[2] "DOE Secures Nuclear Material in Belarus and Uzbekistan, Reduces Risk of Nuclear Proliferation," US Department of Energy Press Release, 1 October 1996, www.doe.gov.
[3] CISNP Discussions With Belarusian official, 18-19 March 1996.

Spent Fuel and Radioactive Waste: The Spent Fuel Storage facility under the Institute of Atomic Energy in Minsk has fuel assemblies with up to 100kg of U-235 with initial enrichment in the range of 22-36% and an average burn-up of 30% U-235.[1] All irradiated material at Sosny is stored in the Iskra storage facility in a storage pond.[3] Low-level waste generated during the operation and decommissioning of the IRT-M reactor is stored in an underground storage facility near Sosny.[4]  Spent fuel from the reactor was sent to Russia for reprocessing (either to Mayak or the Mining and Chemical Combine).[2,4] Fresh and spent fuel (roughly 110 fuel assemblies--see 2/7-8/98 entry below) from the Pamir reactor development project is stored at IPEP.[4,5] As of 2008, as part of the Global Threat Reduction Initiative, the U.S., with Russian assistance, has sought to repatriate this fuel alongside fresh HEU fuel from Sosny.[6]

[1] William C. Potter, "Report On Meetings In Moscow, Kiev And Minsk," 8 July 1992, p. 11.
[2] CISNP Interview with Belarusian official, April 1995.
[3] A. Mikhalevich, A.Iakoushev, A. Batalov, and Yuriy Sivakov; "Ensuring Physical Protection Of Nuclear Materials In Belarus," Report Done for CNS, June 1995.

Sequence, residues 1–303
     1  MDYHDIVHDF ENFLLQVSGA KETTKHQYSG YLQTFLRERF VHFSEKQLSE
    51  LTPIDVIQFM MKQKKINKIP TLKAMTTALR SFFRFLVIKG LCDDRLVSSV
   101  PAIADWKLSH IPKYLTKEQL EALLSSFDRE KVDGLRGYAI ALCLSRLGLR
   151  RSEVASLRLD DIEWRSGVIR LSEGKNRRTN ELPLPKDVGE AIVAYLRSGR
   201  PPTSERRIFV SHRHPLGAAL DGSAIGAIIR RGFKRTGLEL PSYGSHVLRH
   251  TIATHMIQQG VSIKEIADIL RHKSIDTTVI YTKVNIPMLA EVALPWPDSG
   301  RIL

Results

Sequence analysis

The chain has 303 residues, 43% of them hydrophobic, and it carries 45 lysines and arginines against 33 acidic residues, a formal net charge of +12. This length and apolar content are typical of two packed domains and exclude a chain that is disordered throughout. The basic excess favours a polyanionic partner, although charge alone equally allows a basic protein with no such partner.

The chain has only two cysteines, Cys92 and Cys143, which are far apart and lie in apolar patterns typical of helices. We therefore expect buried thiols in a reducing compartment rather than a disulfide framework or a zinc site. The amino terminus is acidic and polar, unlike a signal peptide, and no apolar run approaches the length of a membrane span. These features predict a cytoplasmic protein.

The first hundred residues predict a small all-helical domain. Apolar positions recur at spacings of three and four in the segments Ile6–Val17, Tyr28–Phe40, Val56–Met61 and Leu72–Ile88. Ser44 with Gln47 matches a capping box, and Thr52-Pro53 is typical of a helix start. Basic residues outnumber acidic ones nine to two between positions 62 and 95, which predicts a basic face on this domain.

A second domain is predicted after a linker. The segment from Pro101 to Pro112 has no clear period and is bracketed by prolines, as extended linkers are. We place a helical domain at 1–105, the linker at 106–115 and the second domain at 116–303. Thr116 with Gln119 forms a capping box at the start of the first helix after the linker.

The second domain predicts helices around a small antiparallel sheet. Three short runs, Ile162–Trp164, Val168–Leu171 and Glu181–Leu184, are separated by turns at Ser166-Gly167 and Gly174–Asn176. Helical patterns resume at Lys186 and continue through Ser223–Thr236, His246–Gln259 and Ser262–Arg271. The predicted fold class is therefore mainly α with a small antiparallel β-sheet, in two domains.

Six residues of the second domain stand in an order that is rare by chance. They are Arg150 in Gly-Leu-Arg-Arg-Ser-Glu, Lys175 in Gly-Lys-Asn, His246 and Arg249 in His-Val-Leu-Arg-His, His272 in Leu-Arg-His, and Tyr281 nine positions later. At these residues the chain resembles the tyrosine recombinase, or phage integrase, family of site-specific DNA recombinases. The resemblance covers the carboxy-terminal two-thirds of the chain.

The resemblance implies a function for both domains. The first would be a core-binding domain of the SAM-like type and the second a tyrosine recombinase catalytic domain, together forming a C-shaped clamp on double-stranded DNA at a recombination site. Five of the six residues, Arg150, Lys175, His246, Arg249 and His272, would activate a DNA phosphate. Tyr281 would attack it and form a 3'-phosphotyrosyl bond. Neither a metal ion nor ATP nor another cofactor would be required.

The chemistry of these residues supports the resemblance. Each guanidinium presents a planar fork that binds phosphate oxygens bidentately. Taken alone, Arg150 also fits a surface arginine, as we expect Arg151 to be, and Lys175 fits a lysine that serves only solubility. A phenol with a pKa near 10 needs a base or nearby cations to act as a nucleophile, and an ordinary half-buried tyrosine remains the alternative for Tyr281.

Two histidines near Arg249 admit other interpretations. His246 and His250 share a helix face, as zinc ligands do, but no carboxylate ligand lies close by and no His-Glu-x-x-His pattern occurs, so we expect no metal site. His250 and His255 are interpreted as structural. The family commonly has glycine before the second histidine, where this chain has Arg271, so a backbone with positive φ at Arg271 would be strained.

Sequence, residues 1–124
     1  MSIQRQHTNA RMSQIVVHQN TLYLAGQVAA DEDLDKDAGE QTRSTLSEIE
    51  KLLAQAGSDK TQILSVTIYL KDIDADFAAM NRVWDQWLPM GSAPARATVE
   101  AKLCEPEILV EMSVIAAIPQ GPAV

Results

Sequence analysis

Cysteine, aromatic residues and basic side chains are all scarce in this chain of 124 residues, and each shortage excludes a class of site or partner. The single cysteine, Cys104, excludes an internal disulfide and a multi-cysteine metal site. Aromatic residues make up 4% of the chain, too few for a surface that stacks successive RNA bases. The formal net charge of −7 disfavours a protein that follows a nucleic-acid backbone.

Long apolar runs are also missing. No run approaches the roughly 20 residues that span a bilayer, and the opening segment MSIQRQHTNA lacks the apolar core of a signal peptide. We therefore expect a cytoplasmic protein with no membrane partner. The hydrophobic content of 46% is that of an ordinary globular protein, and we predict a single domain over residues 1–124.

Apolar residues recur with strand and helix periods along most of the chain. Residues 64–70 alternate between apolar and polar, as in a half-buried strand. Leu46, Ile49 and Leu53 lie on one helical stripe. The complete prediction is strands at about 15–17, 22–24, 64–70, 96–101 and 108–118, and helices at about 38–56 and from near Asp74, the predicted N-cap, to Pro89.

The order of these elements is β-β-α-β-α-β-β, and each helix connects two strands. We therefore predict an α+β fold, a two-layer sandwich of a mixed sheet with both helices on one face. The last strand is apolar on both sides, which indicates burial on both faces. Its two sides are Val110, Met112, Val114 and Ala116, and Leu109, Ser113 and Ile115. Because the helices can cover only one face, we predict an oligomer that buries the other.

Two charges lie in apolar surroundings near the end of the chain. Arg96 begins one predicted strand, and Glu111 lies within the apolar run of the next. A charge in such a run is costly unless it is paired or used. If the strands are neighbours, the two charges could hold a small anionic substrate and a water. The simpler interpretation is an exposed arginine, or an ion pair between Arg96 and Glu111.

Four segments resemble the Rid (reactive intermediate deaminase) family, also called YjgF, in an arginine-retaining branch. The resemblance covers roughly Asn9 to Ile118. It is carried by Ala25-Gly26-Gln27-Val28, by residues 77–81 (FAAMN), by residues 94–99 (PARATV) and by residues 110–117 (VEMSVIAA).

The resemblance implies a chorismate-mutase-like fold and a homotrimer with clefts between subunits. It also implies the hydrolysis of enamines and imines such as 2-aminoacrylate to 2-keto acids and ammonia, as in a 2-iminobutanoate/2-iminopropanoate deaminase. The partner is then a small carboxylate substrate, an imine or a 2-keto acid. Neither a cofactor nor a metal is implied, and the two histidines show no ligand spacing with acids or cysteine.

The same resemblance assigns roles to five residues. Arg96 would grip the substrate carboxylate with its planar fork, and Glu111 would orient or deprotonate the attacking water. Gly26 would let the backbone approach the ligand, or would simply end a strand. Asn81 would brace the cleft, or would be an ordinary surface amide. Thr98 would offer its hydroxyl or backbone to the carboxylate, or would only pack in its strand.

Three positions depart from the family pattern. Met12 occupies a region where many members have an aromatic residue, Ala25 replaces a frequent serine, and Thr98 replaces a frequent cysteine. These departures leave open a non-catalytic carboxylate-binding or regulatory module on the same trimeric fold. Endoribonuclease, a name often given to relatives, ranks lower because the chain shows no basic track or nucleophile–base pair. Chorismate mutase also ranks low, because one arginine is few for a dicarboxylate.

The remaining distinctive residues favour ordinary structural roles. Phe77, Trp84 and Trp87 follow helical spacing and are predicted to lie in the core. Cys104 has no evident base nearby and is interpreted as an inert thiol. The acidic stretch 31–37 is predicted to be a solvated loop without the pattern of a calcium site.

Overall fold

[4] "Belarus--Nuclear Fuel Cycle and Material Production," http://etd.pnl.gov:2080/fac/belarus/nuclear.html.
[5] Vasiliy Yermashkevich, "Belarus nikogda i nikomu ne ugrozhala!" Narodnaya volya, [7 or 8] February 1998, p. 2.
[6] William C. Potter and Robert Nurick, "The Hard Cases: Eliminating Civilian HEU in Ukraine and Belarus," The Nonproliferation Review, 15/2, July 2008, pp. 237-263.


According to a 28 October 1999 report by Radio 1 (Minsk), during a visit to Minsk by IAEA Deputy Director Jihui Qian, Belarusian President Alyaksandr Lukashenka proposed creating a center for nuclear material protection, control, and accounting at the Sosny Institute of Power and Engineering Problems. Lukashenka also reiterated his proposal (initially made three years ago) to establish a nuclear-weapon-free zone in Central and Eastern Europe.[1,2]

[1] "NEGA soobshchayet," Nezavisimaya gazeta online, http://news.mosinfro.ru, No. 204, 30 October 1999.
[2] Radio 1 Network, 28 October 1999; in "Belarus: President, IAEA Official Discuss Cooperation," FBIS Document FTS19991029000261.

The Belarusian government has refuted a television report stating that the country currently possesses over two metric tons of weapons-grade material, making Belarus a "nuclear threshold" state like India or Pakistan.[1]  On 8 February 1998, the news program "Rezonans" alleged that Belarus has a stockpile of over two metric tons of weapons-grade plutonium and highly enriched uranium.[2]  Director of the Institute of Energy Problems under the Belarusian National Academy of Sciences Alyaksandr Mikhalevich stated that Belarus has 15 grams of plutonium and 500 kg of enriched uranium at Sosny for research purposes only.  (See the listing of fissile materials above.) The materials are not weapons-grade.[1]  An unnamed source at the IPEP at Sosny stated that there are two metric tons of nuclear waste, plutonium, and uranium.  He said that it is highly unlikely that any of the material could be used for military purposes since it would require enrichment, a process which needs a vast amount of technology and expenditure.[3]  President Alyaksandr Lukashenka called the allegations that Belarus is independently capable of developing weapons "stupid."[4]